I totally agree with this article. There is more to currencies than just interest rates differentials. They reflect productivity differentials, government regulations, concentration of power.
If one were to take the passage seriously the only conclusion would be that just as a common currency is supposedly a bad idea for EU countries, so has a common dollar been a disaster for most of our 50 U.S. states, along with the various countries around the world that have essentially dollarized their economies. The economies of New York, California and Texas are nothing like those of West Virginia and Mississippi, not to mention that economic activity in Manhattan, Beverly Hills and Highland Park in no way resembles what’s taking place in Buffalo, San Bernardino and Denton, yet the dollar is the accepted medium of exchange without much in the way of protest in all the locales mentioned despite their “very different economies.” Implicit in the assertion about the alleged horrors of a common currency is that the relatively weak economies of Arthurdale (WV) and Oxford (MS) are held back by the dollar such that each state should issue a currency of its own.
In the magazine’s defense, what it presumes about money is not uncommon on both the left and right, and that’s the problem. While many on the right pay lip service to the tautology that there’s no free lunch, alongside their reliably emotional opponents on the left who act as though lunch can be free (government spending seemingly just happens, with no one fleeced to pay for it…), each subscribes to the falsehood that “money” is magical, and can be played around with by wise minds to achieve all manner of wondrous economic outcomes.
In truth, money is solely a measure. I have bread, I want your wine, but you don’t want my bread. Money makes a transaction possible between a baker and vintner with differing wants simply because it’s historically been viewed as a stable “ticket” that allows producers of actual wealth to measure what they produce on the way to trade. Money facilitates exchange, and that’s why a common dollar has long made so much sense. That’s why the euro still makes sense.
To simplify what is truly basic, but almost totally misunderstood by those deep in thought on the right and left, money is not wealth. Instead, money is how we exchange actual wealth. Money is also not investment. Repeat the latter over and over again. Instead, money is what we use to direct the economy’s actual resources to their highest use. Money facilitates investment. That’s why gold has historically been used as the definer of money. Known throughout history as the most constant commodity from a value standpoint in the marketplace, it was logically used to define money that achieves its greatest utility when it’s stable.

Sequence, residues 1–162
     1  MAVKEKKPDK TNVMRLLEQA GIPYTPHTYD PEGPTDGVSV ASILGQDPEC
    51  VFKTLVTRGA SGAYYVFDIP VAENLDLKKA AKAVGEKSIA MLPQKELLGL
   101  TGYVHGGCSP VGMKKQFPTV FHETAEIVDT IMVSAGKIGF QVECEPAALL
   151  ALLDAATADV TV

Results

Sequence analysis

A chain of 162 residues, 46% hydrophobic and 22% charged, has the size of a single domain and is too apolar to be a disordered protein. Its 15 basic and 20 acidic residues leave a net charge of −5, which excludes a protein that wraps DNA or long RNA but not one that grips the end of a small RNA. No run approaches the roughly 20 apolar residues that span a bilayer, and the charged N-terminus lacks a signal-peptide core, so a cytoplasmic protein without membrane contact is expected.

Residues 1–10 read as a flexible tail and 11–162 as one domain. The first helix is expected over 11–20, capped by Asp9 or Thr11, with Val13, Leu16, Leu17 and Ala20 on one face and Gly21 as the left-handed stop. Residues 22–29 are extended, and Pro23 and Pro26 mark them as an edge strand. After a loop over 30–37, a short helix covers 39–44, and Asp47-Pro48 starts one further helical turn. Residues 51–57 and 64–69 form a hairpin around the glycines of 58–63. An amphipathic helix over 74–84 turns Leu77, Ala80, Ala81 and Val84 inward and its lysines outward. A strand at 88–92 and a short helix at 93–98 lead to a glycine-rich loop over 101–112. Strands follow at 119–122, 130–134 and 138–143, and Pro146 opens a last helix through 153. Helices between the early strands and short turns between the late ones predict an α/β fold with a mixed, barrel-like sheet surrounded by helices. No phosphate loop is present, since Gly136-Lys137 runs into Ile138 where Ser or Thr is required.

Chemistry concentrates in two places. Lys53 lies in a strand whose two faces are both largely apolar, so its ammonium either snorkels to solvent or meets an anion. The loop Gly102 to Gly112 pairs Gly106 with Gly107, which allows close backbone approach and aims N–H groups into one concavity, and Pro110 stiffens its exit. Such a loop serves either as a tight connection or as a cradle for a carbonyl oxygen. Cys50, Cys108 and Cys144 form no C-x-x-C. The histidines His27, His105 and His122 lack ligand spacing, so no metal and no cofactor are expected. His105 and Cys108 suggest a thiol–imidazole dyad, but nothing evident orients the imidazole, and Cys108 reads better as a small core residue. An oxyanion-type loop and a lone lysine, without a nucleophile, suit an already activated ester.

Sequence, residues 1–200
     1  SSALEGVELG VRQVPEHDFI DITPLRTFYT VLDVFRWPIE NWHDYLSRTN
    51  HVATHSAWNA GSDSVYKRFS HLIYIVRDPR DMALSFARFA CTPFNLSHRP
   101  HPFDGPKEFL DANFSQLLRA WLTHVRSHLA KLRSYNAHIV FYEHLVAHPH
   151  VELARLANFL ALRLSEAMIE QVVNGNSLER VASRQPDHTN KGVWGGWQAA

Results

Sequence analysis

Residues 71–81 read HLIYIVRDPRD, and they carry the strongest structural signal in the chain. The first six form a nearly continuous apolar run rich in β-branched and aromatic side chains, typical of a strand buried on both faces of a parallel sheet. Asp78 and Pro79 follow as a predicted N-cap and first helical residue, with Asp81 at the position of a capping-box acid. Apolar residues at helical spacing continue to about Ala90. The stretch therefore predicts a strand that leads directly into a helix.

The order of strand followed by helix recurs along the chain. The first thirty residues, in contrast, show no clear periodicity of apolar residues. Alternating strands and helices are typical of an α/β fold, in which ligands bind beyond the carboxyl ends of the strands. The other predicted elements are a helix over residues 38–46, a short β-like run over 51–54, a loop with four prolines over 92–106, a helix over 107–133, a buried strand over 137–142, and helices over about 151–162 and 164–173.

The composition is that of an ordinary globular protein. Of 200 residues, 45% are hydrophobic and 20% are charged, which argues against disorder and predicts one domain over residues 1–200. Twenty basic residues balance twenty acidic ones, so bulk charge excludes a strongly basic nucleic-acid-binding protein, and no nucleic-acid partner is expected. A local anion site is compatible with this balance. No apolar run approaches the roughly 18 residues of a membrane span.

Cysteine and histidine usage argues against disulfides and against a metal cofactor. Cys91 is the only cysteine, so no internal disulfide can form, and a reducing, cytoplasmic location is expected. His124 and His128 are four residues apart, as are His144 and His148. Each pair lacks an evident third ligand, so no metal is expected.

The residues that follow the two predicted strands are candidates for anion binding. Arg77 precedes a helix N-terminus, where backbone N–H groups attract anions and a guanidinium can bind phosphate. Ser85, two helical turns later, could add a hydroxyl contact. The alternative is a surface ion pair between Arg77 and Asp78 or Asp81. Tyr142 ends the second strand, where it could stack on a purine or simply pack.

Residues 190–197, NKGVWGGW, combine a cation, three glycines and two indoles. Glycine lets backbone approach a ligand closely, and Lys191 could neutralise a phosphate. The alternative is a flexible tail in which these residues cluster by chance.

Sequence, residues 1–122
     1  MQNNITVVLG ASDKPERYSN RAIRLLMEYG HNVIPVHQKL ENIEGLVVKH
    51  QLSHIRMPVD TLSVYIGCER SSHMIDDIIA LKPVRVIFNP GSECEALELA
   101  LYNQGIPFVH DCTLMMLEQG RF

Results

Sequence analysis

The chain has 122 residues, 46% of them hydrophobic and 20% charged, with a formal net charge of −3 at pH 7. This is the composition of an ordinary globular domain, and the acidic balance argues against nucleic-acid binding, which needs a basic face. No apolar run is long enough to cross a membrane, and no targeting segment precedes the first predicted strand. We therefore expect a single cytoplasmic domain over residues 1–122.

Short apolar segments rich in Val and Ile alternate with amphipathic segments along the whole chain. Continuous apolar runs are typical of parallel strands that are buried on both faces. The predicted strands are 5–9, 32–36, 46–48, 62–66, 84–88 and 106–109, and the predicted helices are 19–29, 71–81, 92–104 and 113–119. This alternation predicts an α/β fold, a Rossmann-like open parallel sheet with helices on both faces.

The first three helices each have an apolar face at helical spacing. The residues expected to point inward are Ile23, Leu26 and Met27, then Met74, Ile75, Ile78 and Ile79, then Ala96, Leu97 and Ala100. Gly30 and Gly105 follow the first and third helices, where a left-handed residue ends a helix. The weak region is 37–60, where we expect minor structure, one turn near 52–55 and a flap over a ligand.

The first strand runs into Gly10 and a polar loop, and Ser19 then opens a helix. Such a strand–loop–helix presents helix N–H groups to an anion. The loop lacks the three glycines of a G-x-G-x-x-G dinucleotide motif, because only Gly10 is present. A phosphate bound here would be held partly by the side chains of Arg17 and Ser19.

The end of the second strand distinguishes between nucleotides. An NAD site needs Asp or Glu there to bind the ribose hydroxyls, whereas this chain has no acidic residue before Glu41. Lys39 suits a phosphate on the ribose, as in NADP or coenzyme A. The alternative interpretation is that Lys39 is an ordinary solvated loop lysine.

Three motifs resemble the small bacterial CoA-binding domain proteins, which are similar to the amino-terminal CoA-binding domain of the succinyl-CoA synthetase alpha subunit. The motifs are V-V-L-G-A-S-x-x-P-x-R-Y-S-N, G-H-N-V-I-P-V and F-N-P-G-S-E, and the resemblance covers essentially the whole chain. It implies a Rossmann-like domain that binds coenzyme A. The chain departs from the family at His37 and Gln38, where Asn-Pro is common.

Economies grow thanks to investment, and when investors invest, they are buying future dollar, euro, yen (name your currency) income streams. So while money itself isn’t wealth, stable money makes the investment that leads to wealth creation far more constant, patient, intrepid, etc.
Furthermore, those still deluded by the notion that monetary policy for rich countries is not appropriate for poorer countries might ask themselves what things would look like for the euro itself had Greek monetary authorities not just designed it, but if Greece’s economic situation were the driving force behind the ECB’s conduct of monetary policy. If so, as in if
The belief underlying the idea that relative economic laggards need a “separate” monetary policy is the equivalent of
But for now, let it be said that even if the Drachma were to replace the euro,
It’s then argued that the acceptance of the euro as “money” is what got
What the above hides is that
All of which leads to the most brain dead commentary of all about
Yet missed by the fabulists on the left and right is that there are second and third stage market responses to currency devaluation. To devalue the currency is to tautologically raise production and labor costs, all the while devaluing earnings that attract investors in the first place. That no country in the history of the world has ever devalued its way to prosperity doesn’t deter the mystics across the ideological spectrum who think diluting the proverbial ticket will alter reality. That devaluation would scare away the very investors essential to growth doesn’t seem to interest the astrologists either.
Fair enough, there’s no law against confusion, but with
George Dagnino, PhD
The Peter Dag portfolio
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